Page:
University of Wisconsin-La Crosse, Murphy Library Area Research Center
Imagine yourself traveling across the Atlantic Ocean without anyone you knew by your side. You are on the same ship for five weeks under tough conditions and are dreaming of home cooked meals every night. In addition to this, you are sailing to an unknown land. Somewhere that holds the promise of a new life.
In 1856, twenty-one-year-old Friedrich “Fritz” Tillman did just that. He left everything he knew in Europe and made the famous voyage to America. During his travels, he wrote in a diary explaining his hardships, challenges, and fun times on board. In this collection, you will find Tillman’s original diary (yes, from 1856!) written in German. Don’t worry, however, another historian translated the diary into English for easy reading. No need to learn German to have fun with this primary source!
Tillman’s diary covers his five-week trip aboard the ship as it sailed to the United States. This FFA only covers Box 1. It details the full diary and divides it into two parts: difficult and enjoyable experiences. The historian who translated the diary from German to English followed Tillman’s original page numbers. As you read the translation, look for headings that say “Page I” or “Page II.” Each page has a lot of information about the trip. Please note: the translation is written in cursive, but don’t worry, after a little while your eyes will become used to it!
This folder has an article from Then and Now, a monthly publication of the State Historical Society of Wisconsin. The article, written in January 1966, is a summary of Friedrich Tillman’s journey to America as written in his diary. This article is a nice starting point to decide if you want to read the real diary.
This folder has the original pages of Friedrich Tillman’s diary, laminated to protect the yellowing, fragile parchment. The pages are written in German, but nevertheless are very interesting to see. Remember, this was written in 1856 aboard a ship!
Page 1: Tillman expresses his frustration when he is not given enough water. Also, he struggles with preparing his meals because there were, quite literally, too many cooks in the kitchen!
Page 2: Tillman is having a difficult time sleeping on the ship because the other passengers are too loud. Tillman also talks about passengers getting very seasick.
Page 3: After a huge storm, Tillman faces a flooded cabin and a very wet mattress. It was so bad that he had to carry the entire mattress on deck for it to dry!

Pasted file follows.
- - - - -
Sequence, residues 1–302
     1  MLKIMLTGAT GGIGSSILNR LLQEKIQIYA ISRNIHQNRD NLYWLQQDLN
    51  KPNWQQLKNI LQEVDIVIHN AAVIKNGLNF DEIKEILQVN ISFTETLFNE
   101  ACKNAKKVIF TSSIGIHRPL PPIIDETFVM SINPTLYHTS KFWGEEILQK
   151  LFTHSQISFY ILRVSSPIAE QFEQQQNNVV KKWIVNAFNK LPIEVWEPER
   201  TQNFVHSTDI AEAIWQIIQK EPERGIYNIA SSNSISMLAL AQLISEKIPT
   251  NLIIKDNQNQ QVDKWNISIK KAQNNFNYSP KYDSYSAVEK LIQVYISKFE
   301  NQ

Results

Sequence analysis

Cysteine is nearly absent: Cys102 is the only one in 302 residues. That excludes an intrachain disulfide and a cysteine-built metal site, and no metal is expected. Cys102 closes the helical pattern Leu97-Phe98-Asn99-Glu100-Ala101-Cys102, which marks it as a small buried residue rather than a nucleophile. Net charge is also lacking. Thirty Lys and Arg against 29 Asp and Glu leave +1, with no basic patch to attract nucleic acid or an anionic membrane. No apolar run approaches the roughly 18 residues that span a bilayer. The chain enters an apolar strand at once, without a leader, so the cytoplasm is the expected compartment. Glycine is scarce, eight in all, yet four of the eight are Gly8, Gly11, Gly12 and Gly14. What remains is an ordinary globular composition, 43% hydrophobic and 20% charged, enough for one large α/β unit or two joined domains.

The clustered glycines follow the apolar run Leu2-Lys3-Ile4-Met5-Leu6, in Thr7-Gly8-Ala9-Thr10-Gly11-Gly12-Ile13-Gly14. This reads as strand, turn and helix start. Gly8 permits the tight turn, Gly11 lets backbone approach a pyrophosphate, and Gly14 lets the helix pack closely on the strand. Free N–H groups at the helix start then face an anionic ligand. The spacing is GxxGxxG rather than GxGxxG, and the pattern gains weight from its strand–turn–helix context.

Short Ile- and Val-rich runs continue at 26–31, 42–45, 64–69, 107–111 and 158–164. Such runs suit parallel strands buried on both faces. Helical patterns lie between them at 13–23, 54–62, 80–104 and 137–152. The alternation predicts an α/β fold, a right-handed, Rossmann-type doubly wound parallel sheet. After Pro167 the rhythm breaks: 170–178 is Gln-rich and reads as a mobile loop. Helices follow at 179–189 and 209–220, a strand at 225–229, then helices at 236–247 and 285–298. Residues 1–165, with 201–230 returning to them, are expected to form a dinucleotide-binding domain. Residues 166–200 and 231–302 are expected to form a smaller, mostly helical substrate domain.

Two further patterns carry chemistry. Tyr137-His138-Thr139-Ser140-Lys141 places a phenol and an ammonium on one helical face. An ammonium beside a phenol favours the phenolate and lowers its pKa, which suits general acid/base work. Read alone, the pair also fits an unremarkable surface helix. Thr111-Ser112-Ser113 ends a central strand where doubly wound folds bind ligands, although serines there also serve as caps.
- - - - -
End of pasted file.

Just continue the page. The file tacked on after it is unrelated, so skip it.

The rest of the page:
Page 4: There are a lot of bad things that happened in this section. Much to Tillman’s surprise, someone had broken into his belongings. He searched and searched for the thief, but had no luck. Tillman seems to be frustrated with almost everything that is going on. It also does not help that the weather is horrible and is frightening other passengers.
Page 5: As a result of the constant motion and rocking of the boat, Tillman experiences some headaches that force him to rest.
Page 1: Aboard the ship, Tillman is surprised at the variety of food he is given for the journey. He is given different meats, biscuits, coffee, and even cigars!
Page 2: Tillman comments that the ocean looks beautiful and is similar to a giant mirror.
Page 5: During a big storm, passengers and sailors socialize inside the ship. There is music being played and the sailors put on a comedy show to entertain the passengers.
Page 6: Tillman awakes to gunshots! Alarmed, he finds out that the sailors were celebrating America’s Independence Day. The rest of the day was full of activities and battle reenactments. Also, another ship passes by and is a sight to see, according to Tillman.
Page 7: Passengers flood to the top decks to see whales pass by the ship. Tillman is excited because there is a full ship-cleaning day. Finally, the harbors of New York are in sight!
Page 8: The ship gets to the harbor and Tillman is impressed with America. The voyage had finally ended!
Reviewed by: Olivia Roehri
So, what happened next? You might be asking this question, but there is not a definite answer. Tillman’s diary ended after he got to the harbors of New York. What we do know about the rest of Tillman’s journey is he lived in Milwaukee for a short time before coming to La Crosse.
Was Tillman’s story similar to those of other immigrants? Again, another great question! Many historians have studied ship conditions and immigrants’ personal stories in the 1800s. Tillman was given a good amount of food (quality aside) while other travelers were faced with poor portions and terrible quality. In both other accounts and Tillman’s own experience, the drinking water was poor, storms were discouraging, most were seasick, and death was something every passenger who traveled to the United States witnessed. However, travelers also created new friendships, and experienced enjoyable times.